UK-based Marine Energy Centre launches JIP with Canadian counterpart to study underwater coatings on both sides of the Atlantic
Marine coatings must survive and protect against some of the toughest working environments. Where better to test them, then, than in some of the areas of strongest tides and waves on either side of the Atlantic? A new joint industry project (JIP) was recently announced between coatings manufacturer Whitford, the European Marine Energy Centre (EMEC) and the Fundy Ocean Research Center for Energy (FORCE). Using test sites at the respective facilities in Orkney and Nova Scotia, Whitford will compare how its coatings perform in each environment.
According to a statement from EMEC, the project has its roots in a joint declaration made in 2011 by the then Prime Ministers of the UK and Canada, David Cameron and Stephen Harper. This saw the two pledge to work together to increase growth, trade and innovation, which in turn led Innovate UK and the Offshore Energy Research Association of Nova Scotia (OERA) to set up the trans-Atlantic project, partnering EMEC and FORCE to work on the InSTREAM project, which tested sensor technology. Since then, the two have shared knowledge and results gained from numerous tidal and wave energy tests. Indeed, during a recent visit to Nova Scotia, EMEC managing Neil Kermode noted that he might have an application relevant to the FORCE project. Kermode explained: “Corrosion and other associated issues are a big challenge for wave and tidal energy technologies given that devices could be deployed at sea for years at a time. During discussions we realised that the marine conditions experienced at FORCE’s test site in Nova Scotia are very different from what we are seeing across the pond at EMEC, in Orkney. So the inclusion of a technology testing programme with us will provide a different experience if they then decide to deploy in Canada, or vice versa.”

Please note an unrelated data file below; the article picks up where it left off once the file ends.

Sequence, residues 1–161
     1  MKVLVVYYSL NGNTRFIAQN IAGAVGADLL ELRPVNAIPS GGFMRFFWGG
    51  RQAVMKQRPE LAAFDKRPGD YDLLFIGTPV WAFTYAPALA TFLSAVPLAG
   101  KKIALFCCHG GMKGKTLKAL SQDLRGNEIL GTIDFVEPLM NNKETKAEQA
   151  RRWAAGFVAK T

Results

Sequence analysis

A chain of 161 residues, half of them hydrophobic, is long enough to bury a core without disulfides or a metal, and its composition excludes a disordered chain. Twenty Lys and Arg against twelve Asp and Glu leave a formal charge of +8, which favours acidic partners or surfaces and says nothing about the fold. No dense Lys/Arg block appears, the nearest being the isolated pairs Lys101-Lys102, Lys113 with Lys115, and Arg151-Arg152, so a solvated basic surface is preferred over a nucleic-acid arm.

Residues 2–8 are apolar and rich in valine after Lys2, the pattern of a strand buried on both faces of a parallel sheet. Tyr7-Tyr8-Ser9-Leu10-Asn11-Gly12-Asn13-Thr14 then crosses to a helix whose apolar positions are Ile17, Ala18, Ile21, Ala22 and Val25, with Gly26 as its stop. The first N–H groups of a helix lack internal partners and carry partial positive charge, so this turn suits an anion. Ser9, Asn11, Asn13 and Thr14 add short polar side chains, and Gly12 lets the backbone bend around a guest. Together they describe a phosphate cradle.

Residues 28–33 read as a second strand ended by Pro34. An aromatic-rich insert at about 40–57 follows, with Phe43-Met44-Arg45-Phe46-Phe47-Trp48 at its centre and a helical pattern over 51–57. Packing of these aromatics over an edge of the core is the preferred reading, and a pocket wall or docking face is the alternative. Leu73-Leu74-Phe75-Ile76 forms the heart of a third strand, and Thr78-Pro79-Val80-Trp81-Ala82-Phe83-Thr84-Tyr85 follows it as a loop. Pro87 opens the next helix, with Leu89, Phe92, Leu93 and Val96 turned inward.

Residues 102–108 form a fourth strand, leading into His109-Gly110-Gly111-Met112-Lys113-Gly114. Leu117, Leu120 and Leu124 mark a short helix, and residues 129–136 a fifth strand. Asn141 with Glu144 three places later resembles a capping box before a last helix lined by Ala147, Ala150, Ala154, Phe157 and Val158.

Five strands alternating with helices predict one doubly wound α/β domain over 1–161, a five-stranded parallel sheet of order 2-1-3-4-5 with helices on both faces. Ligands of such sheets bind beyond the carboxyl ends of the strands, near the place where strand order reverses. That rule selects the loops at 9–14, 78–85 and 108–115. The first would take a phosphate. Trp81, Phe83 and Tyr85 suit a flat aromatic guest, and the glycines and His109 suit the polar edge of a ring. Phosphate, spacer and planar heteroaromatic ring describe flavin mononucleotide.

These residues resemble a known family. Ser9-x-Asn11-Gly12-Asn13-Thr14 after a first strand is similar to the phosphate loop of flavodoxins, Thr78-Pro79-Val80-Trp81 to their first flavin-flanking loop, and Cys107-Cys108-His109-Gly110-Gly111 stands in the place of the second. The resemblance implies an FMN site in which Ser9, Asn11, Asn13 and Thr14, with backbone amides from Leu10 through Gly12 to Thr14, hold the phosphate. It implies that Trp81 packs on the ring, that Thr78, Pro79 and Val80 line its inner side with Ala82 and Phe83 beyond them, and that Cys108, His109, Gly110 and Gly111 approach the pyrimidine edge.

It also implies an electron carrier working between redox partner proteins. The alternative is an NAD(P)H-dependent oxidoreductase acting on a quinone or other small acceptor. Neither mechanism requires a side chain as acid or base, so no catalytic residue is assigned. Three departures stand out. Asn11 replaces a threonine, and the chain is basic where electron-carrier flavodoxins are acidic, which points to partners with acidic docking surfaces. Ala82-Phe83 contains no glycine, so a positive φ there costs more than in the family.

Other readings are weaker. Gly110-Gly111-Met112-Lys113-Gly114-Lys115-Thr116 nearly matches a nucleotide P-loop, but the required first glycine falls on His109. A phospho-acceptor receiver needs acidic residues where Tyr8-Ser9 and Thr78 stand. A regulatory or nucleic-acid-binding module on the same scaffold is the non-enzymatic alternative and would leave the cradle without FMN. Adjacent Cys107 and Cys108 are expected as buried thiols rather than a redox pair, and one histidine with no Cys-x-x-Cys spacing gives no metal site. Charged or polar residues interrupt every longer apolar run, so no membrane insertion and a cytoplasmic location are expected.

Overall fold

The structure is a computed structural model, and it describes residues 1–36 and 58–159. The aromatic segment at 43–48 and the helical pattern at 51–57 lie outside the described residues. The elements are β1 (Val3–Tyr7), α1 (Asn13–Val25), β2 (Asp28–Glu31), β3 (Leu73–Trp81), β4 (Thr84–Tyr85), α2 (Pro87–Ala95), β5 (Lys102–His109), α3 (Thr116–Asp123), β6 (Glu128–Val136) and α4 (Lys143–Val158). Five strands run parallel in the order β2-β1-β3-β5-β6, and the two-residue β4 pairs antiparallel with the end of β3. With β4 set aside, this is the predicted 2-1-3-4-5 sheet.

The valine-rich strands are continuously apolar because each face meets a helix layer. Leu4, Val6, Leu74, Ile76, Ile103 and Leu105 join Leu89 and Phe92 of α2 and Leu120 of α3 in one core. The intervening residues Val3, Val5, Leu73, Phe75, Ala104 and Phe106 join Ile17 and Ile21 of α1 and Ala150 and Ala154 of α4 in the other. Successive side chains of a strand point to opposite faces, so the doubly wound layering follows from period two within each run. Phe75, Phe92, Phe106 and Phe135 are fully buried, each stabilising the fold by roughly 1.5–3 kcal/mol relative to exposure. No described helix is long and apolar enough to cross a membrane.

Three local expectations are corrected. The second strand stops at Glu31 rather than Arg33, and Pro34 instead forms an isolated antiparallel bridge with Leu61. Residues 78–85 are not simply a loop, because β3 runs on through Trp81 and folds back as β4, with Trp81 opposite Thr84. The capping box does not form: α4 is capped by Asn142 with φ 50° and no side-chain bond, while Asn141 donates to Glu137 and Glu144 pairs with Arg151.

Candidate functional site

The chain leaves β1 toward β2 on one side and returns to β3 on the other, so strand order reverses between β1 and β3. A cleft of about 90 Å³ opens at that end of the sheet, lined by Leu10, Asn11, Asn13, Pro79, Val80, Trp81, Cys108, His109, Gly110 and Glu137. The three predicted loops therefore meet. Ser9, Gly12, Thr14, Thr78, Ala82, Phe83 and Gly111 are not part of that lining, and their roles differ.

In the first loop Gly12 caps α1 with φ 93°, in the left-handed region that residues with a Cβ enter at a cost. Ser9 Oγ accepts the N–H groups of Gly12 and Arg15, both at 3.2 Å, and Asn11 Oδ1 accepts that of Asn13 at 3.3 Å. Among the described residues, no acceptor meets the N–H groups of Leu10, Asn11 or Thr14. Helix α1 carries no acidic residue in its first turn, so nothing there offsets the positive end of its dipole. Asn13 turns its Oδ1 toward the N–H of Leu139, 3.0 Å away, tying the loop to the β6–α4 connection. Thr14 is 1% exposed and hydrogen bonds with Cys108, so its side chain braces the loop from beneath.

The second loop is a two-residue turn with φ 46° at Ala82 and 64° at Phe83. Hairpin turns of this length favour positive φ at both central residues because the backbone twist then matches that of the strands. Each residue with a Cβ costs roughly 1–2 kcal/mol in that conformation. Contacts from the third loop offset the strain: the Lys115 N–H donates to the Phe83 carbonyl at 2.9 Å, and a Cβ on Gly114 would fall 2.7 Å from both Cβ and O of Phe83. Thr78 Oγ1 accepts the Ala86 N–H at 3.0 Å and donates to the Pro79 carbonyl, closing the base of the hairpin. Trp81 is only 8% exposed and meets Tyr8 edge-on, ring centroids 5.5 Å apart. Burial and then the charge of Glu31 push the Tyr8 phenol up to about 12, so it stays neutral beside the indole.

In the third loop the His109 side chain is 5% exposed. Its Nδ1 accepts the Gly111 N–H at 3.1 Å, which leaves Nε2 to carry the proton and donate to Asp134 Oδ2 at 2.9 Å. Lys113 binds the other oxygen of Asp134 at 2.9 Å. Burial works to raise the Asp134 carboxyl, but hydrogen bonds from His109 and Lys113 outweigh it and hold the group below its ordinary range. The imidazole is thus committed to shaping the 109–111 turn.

Bay watch The Bay of Fundy is one of the most extreme tidal environments in which to test these coatings. With 14 billion tonnes of water moved every tide, at speeds in excess of 20km per hour, they encounter far more than the oxidation and marine growth which might be common to oil and gas infrastructure. FORCE general manager Tony Wright commented: “Working in the world’s highest tides is a challenge, but also an opportunity for technologies to meet the ultimate test of durability: the ‘Fundy Standard.’ EMEC and FORCE are both working to advance the marine renewable energy sector responsibly and economically, and opportunities like this – to share research, knowledge and technology – [are] critical to that work.” Whitford and EMEC have been working together since 2014, conducting tests on the performance of coatings in the dynamic and volatile environments found at EMEC’s test sites in Orkney. Whitford’s Gareth Berry noted that in addition to the results, it may help qualify the company’s coatings for use in the Canadian market: “The Canadian market is really big due to the scale of the marine energy resource and we are keen to get our product tested and proven there too.” Kermode is confident that there will be further opportunities to expand the project further to get a full understanding how new materials behave at different sites across the globe – a move which could be beneficial for renewables and the marine sector as a whole. “The corrosion and other behaviour experienced in the northern hemisphere will be different from that in the south, and it’ll be different in the tropics compared to temperate areas. The potential for marine energy, however, is global, and technology developers will need to be prepared for this,” he stated.